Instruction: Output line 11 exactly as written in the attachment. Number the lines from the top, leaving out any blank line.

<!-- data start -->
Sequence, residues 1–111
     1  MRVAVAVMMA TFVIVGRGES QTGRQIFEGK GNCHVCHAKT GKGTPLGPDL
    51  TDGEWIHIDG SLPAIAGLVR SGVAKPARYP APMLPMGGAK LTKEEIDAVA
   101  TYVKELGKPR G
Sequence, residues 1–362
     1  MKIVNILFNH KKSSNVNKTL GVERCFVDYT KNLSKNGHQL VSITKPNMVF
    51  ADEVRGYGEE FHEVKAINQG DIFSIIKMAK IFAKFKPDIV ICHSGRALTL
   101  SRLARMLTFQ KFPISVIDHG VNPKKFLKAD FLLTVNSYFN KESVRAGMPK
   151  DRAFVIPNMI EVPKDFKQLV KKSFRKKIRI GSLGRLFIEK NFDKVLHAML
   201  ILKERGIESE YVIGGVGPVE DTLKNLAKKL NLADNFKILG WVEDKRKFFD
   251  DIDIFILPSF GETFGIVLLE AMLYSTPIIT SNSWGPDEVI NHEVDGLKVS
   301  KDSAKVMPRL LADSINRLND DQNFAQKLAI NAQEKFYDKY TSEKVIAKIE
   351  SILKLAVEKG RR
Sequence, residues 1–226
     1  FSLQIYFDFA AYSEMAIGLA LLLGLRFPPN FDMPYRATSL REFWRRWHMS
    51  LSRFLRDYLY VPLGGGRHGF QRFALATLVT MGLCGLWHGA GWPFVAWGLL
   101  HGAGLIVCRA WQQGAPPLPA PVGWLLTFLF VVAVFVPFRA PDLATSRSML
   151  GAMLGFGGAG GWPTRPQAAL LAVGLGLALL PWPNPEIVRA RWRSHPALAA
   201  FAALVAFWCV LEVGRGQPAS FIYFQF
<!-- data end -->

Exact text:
   251  DIDIFILPSF GETFGIVLLE AMLYSTPIIT SNSWGPDEVI NHEVDGLKVS